I use a Glo line as my personal line. The day before I headed for Accra, Ghana, I had called Glo customer care to explain my trip and ask specific questions. I was assured that my line would lock on to Glo Ghana once I arrived. At worst, all I would be required to do is reboot my phone for it to happen. I would be able to do voice calls and SMS at roaming rates, but I would be unable to do mobile internet.
Always Travel With A BackUp SIM
Anyway, since the phone I was using at the time, the Nokia X, is a dual-SIM phone, I popped in an old, mostly unused MTN SIM of mine into it alongside my Glo line. It turned out that was a smart move. On arrival at Accra airport, I switched back on my phone – and it promptly locked on to the MTN Ghana network. I tried both manual and automatic searches for Glo Ghana, and though the X always found it, the line would just not lock on to it.
I needed to call the organisers for transportation from the airport to the hotel. But while I had loaded airtime on the Glo SIM back in Lagos, the balance on the MTN line was next to zero. As such, my first order of business on arrival at Accra was to change some Naira to Cedi and then go purchase MTN airtime. There were helpful cab men at the airport, and this was done in a few minutes.
MTN Mobile Internet Too
As soon as I had airtime on the MTN line, it also locked on to mobile internet, and I was once again connected to the world. Of course, I knew that I was roaming – meaning that the tariffs would be higher and could burn holes in my pocket quickly.
What I did was turn off auto synchronisation of my mails. My most essential need was messaging, and that was what I used for the most part.
I had been looking forward to using WiFi at the conference venue, but it was unusable. I got the login details, but no-one could make it work. Later at my lodgings – a different hotel – the WiFi there too disappointed. This time, however, I got the explanation that the WiFi was fine, but Windows 8 had connectivity issues. Well, my laptop is Windows 8.
Have I ever ranted about how much I hate Windows 8? Freaking piece of shitty software. From the silly dual interface to horrible connectivity issues, I think Windows XP is a much better OS – and I might just go back to that. Crappy pile of dung, Windows 8 is. Have you ever tried to send a file from a Windows 8 PC to another device via Bluetooth? You keep right clicking up to 4 or 5 times to get it to finally send the file.
Anyway, I didn’t get much done online during my roughly 36 hours of stay in Accra. Mobile internet isn’t something that you want to use for heavy duty work during roaming.
Nokia X. Power Bank?
A CEO at the conference was intrigued by the Nokia X. He examined it a bit and asked about it, including the price. His conclusion was that the bright green colour was too playful for him and so he would pick a different colour, but that the X looked more expensive than it really is. I had seen the X in black during the launch event. At the Nokia stand at the conference, I also saw it in white – and fell in love with that.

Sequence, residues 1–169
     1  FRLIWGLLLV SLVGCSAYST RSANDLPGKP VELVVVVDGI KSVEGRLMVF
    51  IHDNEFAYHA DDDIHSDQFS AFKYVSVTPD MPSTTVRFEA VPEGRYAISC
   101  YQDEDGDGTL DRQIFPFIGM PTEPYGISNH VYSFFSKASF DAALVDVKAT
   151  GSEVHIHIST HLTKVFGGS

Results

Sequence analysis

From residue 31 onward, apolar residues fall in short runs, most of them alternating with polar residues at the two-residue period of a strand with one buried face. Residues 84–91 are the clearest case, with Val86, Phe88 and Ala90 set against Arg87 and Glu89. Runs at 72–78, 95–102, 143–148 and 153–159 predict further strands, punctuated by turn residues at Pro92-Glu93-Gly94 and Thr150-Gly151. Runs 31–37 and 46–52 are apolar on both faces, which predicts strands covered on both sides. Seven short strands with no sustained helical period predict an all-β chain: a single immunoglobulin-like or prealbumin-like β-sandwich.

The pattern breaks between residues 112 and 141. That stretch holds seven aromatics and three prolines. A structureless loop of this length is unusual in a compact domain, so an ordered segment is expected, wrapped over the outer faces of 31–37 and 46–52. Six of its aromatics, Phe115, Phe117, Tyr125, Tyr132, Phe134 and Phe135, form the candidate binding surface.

While the battery life of the X was adequate (not exemplary), I regret not taking along a power bank on the trip. How does a mobile guru travel without a power bank? Bad idea. If you are travelling, be sure to take a fully charged power bank with you. You just never know when and where it will come in handy.
For mobile internet, only the primary SIM slot on the Nokia X has access to 3G. Since the MTN SIM was in Slot 2, I could only use EDGE during my trip. EDGE was good enough for instant messaging, and certainly helped keep the battery from draining faster.
When Glo Woke Up
Towards evening on the day of my arrival, my Glo line finally picked and locked on to Glo Ghana’s network. Yes; it took all of 12 hours for the SIM to boot, clear its head, and recognise that it was in Ghana, not Nigeria. As I headed back for Lagos, my mind told me that it was likely that it would take hours from touchdown in Lagos too for the Glo line to wake up and figure out that it was back at home. That was exactly what happened.
At Murtala Muhammad International Airport, Lagos, the Nokia X locked on to MTN Nigeria immediately, while I had to wait hours for Glo to register. Sigh. Rule your world!
Founder of MobilityArena. Yomi’s journey in mobile started in 2001. Besides obsessing over mobile phones, he also started creating WAP sites (early mobile-friendly websites created with WML). He began writing about phones in 2004 and has been at it since then. He has owned over 200 devices, from Symbian, Palm, PocketPC/Windows Mobile, BlackBerry/BB10, webOS, Windows Phone, Firefox, Ubuntu Touch, to Android, iOS, and KaiOS operating systems.